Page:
Fortunately, there has been a trend for years to make the sublayers really leading in the design of public space, so it is rare to see - with a few exceptions - that the connection with these layers is not sought. However, there is still a difference to be made between the use of native plants that fit on the subsoil and exotic species that can grow on the same soil. Native species can grow in an area on their own and have been there for centuries. They bring many benefits, benefits that exotics can't always provide. For example, native plants are already adapted to the environment and therefore require little to no care. The plants have already adapted and can do so again in the process of climate change. Also, many insects are accustomed to and familiar with native plant species. A wide variety of native plant species is good for the above- and below-ground flora and fauna. Finally, the numbers of native plants are declining in the Netherlands, and it is crucial that these species are replanted for the recovery of nature and biodiversity.


The city garden of Kempkensberg in Groningen sets a good example and uses almost exclusively native plants. Exotic plants are also used, but this is mainly in the roof gardens, because exotic plants are better used to these conditions than native ones. There is also no use of artificial fertilizers or pesticides anywhere in the soil. If the plants are well selected, these types of tools are rarely needed.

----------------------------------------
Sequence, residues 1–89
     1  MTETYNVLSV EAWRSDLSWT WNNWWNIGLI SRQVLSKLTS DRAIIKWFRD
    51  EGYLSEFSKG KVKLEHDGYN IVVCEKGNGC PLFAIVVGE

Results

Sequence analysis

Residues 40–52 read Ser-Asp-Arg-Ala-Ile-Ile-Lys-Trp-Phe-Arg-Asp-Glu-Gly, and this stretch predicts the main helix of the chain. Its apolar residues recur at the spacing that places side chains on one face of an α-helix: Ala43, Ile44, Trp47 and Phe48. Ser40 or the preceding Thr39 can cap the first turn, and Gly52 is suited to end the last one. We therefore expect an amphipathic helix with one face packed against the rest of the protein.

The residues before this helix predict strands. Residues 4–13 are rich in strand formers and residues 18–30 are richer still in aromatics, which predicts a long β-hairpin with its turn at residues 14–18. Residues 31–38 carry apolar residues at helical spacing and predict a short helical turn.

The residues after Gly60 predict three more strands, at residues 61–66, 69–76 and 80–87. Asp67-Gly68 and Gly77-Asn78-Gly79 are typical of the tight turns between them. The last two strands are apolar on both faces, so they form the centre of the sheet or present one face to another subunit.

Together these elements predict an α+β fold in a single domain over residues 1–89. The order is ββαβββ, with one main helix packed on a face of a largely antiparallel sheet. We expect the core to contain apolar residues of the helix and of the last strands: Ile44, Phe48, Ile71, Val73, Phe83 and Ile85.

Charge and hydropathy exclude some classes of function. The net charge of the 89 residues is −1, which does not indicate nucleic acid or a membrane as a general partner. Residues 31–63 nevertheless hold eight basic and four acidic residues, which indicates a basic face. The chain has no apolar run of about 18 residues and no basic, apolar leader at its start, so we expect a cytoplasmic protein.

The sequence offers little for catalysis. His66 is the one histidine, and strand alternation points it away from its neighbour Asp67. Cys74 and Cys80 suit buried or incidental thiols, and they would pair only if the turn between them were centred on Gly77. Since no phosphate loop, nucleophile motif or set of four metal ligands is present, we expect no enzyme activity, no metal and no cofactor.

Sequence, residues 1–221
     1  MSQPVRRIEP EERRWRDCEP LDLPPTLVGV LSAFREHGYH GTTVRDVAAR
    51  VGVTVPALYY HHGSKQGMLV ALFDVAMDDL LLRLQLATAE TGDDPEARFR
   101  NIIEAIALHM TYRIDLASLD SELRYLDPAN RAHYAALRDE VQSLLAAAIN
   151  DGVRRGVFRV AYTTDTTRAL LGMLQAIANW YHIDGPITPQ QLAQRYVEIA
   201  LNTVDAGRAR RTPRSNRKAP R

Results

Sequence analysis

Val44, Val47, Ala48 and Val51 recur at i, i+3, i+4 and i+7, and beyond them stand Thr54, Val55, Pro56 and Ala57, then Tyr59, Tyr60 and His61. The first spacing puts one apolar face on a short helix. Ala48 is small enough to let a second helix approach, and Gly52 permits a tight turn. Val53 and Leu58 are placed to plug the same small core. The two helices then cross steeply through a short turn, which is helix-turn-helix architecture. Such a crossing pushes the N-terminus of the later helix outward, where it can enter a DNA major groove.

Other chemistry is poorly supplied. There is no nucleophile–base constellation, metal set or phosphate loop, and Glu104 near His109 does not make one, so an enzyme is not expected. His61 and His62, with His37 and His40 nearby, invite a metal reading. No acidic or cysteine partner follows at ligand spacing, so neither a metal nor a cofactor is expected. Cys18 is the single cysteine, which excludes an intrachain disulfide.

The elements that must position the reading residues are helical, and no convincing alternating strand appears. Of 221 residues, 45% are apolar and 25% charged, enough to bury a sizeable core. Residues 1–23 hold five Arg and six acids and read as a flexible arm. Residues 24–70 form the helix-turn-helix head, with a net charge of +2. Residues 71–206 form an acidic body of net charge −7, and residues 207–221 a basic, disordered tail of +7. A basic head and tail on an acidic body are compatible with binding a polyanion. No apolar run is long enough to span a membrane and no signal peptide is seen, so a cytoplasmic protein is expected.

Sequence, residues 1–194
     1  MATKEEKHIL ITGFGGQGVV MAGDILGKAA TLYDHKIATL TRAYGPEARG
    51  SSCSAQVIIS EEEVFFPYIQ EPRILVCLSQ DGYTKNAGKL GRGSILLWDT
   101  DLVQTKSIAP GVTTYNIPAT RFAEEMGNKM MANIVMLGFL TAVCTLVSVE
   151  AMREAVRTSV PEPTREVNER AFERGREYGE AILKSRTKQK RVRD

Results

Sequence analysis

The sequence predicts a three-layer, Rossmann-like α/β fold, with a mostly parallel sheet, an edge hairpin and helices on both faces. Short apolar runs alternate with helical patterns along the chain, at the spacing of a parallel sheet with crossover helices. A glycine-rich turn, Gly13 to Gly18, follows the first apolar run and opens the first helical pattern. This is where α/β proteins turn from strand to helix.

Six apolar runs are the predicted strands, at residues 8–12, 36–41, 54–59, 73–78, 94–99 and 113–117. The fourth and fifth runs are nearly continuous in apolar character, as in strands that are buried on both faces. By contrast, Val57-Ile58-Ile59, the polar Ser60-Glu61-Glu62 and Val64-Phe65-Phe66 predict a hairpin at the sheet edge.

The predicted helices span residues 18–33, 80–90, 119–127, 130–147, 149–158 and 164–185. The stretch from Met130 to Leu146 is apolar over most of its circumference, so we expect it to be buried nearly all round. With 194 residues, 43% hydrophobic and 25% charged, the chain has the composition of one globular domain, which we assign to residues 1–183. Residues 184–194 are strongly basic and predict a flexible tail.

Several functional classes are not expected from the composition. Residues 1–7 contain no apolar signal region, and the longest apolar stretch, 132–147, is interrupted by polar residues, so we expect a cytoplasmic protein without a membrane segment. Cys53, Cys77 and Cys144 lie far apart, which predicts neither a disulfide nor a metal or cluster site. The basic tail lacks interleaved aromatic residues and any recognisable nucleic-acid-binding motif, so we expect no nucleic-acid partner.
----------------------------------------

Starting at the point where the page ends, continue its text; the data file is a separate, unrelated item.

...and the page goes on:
City garden of Kempkensberg in Groningen (source: Baljon landscape architects)

An example from abroad where native planting is deliberately applied is the 'Indigenous Learning Circle' on the grounds of Curtin University in Perth, Australia. Here, however, it is not biodiversity, but culture that has been taken as the starting point for the choice of plants. With the use of more than 2500 native plants and trees, the designers want to reflect the history and character of the place. The plants used have been in this place for centuries and may often be seen as bewildering and therefore something bad. But this rewilding gives a piece of land back to nature and its flora and fauna while also strengthening our feeling about the place, so this is something good! For many, this idea is also known by the term 'genius loci'.

'Indigenous Learning Circle' on the grounds of Curtin University in Perth (source: UDLA)


Finally, native plants are also used to improve the soil or water quality of an area. In an urban context, De Ceuvel in Amsterdam is a good example of this. In the design of DELVA, native species are used to solve the water pollution in the former shipyard in a nature-friendly way. The surplus of houseboats in the city is temporarily reduced because several of them are given a temporary place here until the soil is clean again and can be used for further purposes.

De Ceuvel in Amsterdam (source: DELVA)


Some of the native plant species used in the Ceuvel (source: DELVA)

Fortunately, there are many more examples of projects that use native plants. My hope is that this movement will continue and that the use of native plant species will soon be the norm again. Let the soil, the water and the indigenous be leading for the design of our public space again and in this way make the world a more beautiful, healthier and more informative place!